HOLMES: Now if you want to help the victims of the Typhoon Haiyan, and many of you already have, you can log on to our website. There is a list there of reputable charities that we have vetted. You can click on the links there to make a donation, if you like. You can also learn more about the work they are actually doing on the ground. Aid groups pouring into the Philippines at the moment. You'll find all of that information at CNN.com/impact.
Still to come here on News Stream, stories of heartbreak in the Philippines continue to come out.
(BEGIN VIDEO CLIP)
ANDERSON COOPER, CNN ANCHOR: Juvelyn Taniega (ph) sought shelter from the storm surge in this bus with her husband and six children. She survived. They were swept away.
And has anyone come to help you?
UNIDENTIFIED FEMALE: No.
COOPER: "I really want to see them," she says, "even if it's just their bodies."
(END VIDEO CLIP)
LU STOUT: Welcome back to News Stream. I'm Kristie Lu Stout reporting live in Manila.
HOLMES: And I'm Michael Holmes at the CNN Center in Atlanta. We of course are keeping our focus on the Philippines, but want to take a look at some other news stories for you now. The Israeli prime minister canceling plans to build more than 20,000 new homes in east Jerusalem and the West Bank. East Jerusalem, of course, where the Palestinians would like the capital of any future state to be. Benjamin Netanyahu says following through with the plan would likely set off international reaction that would weaken his campaign against Iran's nuclear program.
U.S. State Department is adding the Nigerian group Boko Haram to its list of foreign terror organizations. The armed groups seeks to impose a strict version of sharia law across northeastern Nigeria. The U.S. says Boko Haram has killed thousands of people since 2009. Washington's move enables it to freeze any Boko Haram assets and impose travel bans.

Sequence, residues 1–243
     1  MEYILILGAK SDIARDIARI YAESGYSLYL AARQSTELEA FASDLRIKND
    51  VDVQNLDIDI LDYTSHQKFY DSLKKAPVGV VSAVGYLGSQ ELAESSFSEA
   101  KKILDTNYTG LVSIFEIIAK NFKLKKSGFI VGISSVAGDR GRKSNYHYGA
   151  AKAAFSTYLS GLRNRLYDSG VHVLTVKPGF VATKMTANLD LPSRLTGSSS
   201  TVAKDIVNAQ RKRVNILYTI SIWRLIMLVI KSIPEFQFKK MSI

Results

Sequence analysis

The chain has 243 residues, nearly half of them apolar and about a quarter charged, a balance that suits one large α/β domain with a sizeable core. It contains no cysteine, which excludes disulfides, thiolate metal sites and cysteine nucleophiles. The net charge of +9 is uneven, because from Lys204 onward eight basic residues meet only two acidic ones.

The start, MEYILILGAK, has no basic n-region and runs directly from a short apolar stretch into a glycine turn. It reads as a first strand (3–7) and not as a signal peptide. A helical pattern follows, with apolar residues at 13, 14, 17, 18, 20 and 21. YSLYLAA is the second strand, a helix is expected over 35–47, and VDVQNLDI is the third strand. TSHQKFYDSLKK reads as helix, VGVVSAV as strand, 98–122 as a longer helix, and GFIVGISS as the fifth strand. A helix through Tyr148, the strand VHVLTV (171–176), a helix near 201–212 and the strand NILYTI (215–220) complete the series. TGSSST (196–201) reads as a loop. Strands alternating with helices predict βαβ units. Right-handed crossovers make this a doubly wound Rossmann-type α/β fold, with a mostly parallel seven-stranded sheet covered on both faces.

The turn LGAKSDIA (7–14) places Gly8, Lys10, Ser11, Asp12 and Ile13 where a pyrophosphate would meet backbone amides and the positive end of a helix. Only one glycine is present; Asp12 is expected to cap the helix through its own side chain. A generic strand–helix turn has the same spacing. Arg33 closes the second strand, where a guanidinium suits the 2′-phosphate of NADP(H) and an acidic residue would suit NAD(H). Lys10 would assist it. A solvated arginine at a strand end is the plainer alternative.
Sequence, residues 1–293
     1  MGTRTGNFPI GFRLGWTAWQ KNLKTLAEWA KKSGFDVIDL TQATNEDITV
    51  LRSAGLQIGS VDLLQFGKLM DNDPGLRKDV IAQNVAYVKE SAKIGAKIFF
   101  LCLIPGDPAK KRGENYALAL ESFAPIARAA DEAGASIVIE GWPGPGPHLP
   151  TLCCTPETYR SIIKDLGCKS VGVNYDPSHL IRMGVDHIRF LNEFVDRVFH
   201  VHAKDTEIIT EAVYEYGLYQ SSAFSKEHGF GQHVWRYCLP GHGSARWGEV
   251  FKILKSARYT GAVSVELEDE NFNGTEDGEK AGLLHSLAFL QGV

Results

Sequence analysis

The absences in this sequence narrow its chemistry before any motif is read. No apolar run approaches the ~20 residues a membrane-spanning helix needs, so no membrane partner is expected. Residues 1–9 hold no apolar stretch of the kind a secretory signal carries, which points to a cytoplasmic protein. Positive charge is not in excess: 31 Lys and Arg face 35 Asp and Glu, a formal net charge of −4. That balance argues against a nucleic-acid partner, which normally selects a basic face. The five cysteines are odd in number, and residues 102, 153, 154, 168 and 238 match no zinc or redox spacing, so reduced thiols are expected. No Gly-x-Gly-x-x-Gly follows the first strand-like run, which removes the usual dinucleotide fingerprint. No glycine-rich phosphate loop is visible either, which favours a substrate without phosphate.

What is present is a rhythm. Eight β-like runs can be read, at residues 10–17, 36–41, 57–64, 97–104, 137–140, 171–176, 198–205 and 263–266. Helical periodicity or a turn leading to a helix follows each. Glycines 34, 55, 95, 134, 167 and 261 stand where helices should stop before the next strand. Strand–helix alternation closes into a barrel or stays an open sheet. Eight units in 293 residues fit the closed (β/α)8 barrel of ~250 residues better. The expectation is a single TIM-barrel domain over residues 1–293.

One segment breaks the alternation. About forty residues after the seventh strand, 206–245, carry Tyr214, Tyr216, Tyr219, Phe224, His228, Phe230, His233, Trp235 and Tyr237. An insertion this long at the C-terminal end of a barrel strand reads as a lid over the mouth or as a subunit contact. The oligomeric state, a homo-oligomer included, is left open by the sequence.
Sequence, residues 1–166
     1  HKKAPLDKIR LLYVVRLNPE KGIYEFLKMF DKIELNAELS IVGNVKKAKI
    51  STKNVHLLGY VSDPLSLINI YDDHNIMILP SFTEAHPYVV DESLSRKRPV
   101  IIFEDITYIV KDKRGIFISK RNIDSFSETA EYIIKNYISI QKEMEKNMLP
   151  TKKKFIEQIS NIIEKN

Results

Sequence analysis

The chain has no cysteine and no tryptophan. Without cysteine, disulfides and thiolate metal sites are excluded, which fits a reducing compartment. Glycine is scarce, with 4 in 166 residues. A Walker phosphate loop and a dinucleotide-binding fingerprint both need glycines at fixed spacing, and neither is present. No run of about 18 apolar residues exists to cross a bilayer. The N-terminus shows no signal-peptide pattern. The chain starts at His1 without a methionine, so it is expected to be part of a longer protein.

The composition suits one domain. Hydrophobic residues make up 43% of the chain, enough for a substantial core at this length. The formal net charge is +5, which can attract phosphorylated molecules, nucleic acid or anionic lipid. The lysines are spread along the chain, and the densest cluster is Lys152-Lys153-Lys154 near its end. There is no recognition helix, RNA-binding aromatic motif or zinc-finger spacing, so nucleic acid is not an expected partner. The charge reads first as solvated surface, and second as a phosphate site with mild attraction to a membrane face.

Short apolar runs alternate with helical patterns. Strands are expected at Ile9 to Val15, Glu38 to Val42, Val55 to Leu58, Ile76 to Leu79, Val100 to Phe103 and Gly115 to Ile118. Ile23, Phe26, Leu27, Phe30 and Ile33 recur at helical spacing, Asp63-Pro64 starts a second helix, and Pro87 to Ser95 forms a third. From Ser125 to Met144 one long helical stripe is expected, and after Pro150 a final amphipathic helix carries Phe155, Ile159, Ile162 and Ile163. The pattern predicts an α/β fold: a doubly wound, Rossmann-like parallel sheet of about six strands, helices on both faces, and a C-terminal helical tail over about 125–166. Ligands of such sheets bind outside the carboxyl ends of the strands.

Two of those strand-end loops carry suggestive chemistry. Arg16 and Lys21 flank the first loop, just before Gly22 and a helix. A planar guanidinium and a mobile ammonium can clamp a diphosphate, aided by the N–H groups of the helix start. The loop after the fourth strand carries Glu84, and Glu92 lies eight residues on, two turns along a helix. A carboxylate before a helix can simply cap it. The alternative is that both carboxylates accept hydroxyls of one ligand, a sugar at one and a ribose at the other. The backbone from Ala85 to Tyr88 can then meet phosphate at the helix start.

Hawaii now posed to become the 16th state in the U.S. to legalize same-sex marriage. Governor Neil Abercrombie expected to sign it into law as early as the next few hours. It means gay couples could soon be saying "I do."
U.S. Airways and American Airlines reached a preliminary deal with the U.S. Justice Department on Tuesday staving off a looming anti-trust suit and paving the way for their merger, which would create the world's largest airline.
Let's go back to Manila now. Kristie Lu Stout holding down the fort there. What have you got there, Kristie?
LU STOUT: Hey, Michael. Our colleagues in Tacloban City, they have been there for days, many since the storm first made landfall. It's reporting on the scale of the devastation there, but also on the human story as well, because beyond the grim numbers and statistics are the people, the millions of people who have been affected by the super typhoon and the scores of survivors still trying to find their loved ones.
Anderson Cooper has that story.
ANDERSON COOPER, CNN CORRESPONDENT (voice-over): In Tacloban, the misery is beyond meaning.
This is your home?
"The first, the first" she says, "our house was one of the firsts to come down." Juvelyn Taniega (ph) sought shelter from the storm surge in this bus with her husband and six children. She survived. They were swept away.
And has anyone come to help you?
UNIDENTIFIED FEMALE: No.